Why Northern Ireland won't go south after Brexit
Project Fear goes into overdrive when it comes to Northern Ireland. But there is no more prospect of a return to the Troubles than there is of the UK sinking into economic depression. Workable solutions are there for the taking. As ever, we need to ignore the scaremongers and build a successful Brexit
Much has been made of the impact Brexit could have on Northern Ireland. After Brexit, Northern Ireland will bear Britain’s only land border with the EU, and its troubled history makes this a fraught shift.
At what could be a critical juncture, Northern Ireland is without an Executive, with coalition talks between Sinn Fein and the DUP having repeatedly failed. While they would not be at the negotiating table, the Executive would provide a useful reference for Northern Irish opinion during the Brexit process. It is a process with potentially high stakes.
Scaremongers say a post-Brexit hard border could lead to tensions, a renewal of the Troubles and a catastrophic ‘border poll’ where Northern Ireland votes on whether to split from the UK and join the Republic of Ireland.
Others fear an arrangement which would sell the Unionists down the river. These fears, understandable though they may be, are overblown.
Before I explain why, I will look into these fears a little more. A hard border between Britain and Ireland is taken as meaning a border which requires customs checks for goods and passport checks for people to pass.
As over half of Northern Irish trade is with the EU, much of it through Ireland, this would be economically problematic. It would be particularly problematic for those with cross-border jobs, family or friendships.
Consider the USA and Canada which share the longest land border in the world. There are many people who cross the border regularly, simply showing their ID and going to work or seeing their families. The USA and Canada also have thriving cross-border free trade through NAFTA.
A ‘hard border’ is not inherently unworkable. In the context of Northern Ireland, with its troubled history, however, it is. It could enflame tensions and leave border posts vulnerable to the kind of violence Northern Ireland used to suffer regularly. While every poll on joining Ireland has the Union winning 60/20, indicating fears of a border poll are overblown, it would not be an ideal situation.
Irish Prime Minister Varadkar has recently proposed an economic border in the Irish Sea, effectively putting Northern Ireland in a Customs Union with Ireland. It would also mean Northern Ireland no longer shares customs with the UK, which some perceive as politically orphaning it.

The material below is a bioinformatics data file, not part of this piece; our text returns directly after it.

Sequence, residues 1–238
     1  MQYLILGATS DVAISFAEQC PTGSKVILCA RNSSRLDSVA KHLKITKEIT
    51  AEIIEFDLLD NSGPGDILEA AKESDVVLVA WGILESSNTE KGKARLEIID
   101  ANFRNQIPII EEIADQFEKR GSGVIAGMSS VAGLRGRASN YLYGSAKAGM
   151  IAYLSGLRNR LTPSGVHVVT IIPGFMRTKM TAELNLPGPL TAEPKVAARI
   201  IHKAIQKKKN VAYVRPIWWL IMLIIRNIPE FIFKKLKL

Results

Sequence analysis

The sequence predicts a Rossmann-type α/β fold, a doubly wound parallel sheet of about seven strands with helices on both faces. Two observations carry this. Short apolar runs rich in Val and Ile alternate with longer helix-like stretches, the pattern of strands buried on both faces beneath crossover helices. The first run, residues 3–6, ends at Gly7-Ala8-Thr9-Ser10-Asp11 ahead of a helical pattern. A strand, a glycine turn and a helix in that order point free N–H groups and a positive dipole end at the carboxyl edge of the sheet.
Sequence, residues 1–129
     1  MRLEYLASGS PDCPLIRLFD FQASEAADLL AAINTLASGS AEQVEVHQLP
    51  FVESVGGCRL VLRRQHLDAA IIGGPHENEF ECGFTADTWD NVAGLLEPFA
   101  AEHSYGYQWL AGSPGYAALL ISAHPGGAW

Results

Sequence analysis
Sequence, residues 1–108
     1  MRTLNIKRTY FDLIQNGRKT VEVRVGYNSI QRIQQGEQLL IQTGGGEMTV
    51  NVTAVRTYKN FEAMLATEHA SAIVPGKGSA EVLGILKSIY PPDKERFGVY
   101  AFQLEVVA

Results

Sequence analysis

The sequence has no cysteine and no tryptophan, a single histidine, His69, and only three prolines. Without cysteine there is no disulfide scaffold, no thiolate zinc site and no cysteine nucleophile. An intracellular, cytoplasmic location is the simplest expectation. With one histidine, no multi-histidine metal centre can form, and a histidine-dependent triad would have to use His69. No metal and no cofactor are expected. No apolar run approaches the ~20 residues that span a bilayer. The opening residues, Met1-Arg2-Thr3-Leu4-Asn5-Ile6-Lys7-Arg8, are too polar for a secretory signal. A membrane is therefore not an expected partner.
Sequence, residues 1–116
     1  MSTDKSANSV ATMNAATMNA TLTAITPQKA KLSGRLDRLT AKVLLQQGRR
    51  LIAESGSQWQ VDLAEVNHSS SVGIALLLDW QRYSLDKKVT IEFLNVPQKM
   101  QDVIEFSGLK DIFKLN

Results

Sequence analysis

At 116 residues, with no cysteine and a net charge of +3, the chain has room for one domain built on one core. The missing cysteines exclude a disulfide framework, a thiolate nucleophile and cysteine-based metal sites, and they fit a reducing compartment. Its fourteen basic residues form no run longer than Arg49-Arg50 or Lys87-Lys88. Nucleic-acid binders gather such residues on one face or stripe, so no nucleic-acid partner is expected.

As 57 percent of trade which passes through NI ports is with the United Kingdom, it would be seen as a huge win for Sinn Féin, and the Democratic Unionist Party have ruled this out. It would also not be ideal.
Both scenarios can be avoided. Electronic pre-clearance could be used for almost all the trade in goods, with any necessary inspections taking place at dedicated zones away from the border. As 99 percent of non-EU trade is presently electronically pre-cleared, this would not require a great leap to sort out. There would be no need for customs checks on the border, and so no need for checkpoints.
People travelling between these two countries, meanwhile, would be covered by the Common Travel Area between the UK and Ireland, established in 1923, long before the EU. The question of how to prevent it becoming a back door for EU immigration to Britain arises, but there is a solution. Ireland being an island -- and outside the Schengen Area -- immigrants from the wider EU already face passport and security checks at Irish ports and airports.
If an EU citizen got through the Irish checks somehow legally, and then passed into Northern Ireland to illegally settle in the UK they would be illegal immigrants and prime for deportation.
Preventing illegal immigration via the Northern Irish border would call for investment in immigration enforcement in Northern Ireland, but not the creation of a hard border. Better still, cooperation with the Irish Border Authorities and immigration agencies would help resolve any issues before any potential illegal immigration got into Northern Ireland. Something similar already exists between Norway and Sweden. It can be done.
Both countries making high-tech customs checks work, and ensuring the Common Travel Area is secure, would require long-term cooperation and investment. But both sides would want it to work. Neither Dublin nor Westminster wants a return to the Troubles. When push comes to shove, the political will exists to invest in a sustainable solution to the issue of Northern Ireland’s border with the Republic of Ireland.
There is, then, a clear solution when we Get Britain Out of the EU. It may not necessarily be easy or simple, but a solution is undoubtedly possible.
The creation of a high-tech customs border and the retention of the Common Travel Area is a path some people in Westminster have suggested, and which Ireland has not ruled out so far, although they aren’t keen on paying for it.
Insofar as both sides want the best for Northern Ireland, they should embrace it.
Alexander Fiuza is a Research Executive at cross-party grassroots campaign Get Britain Out
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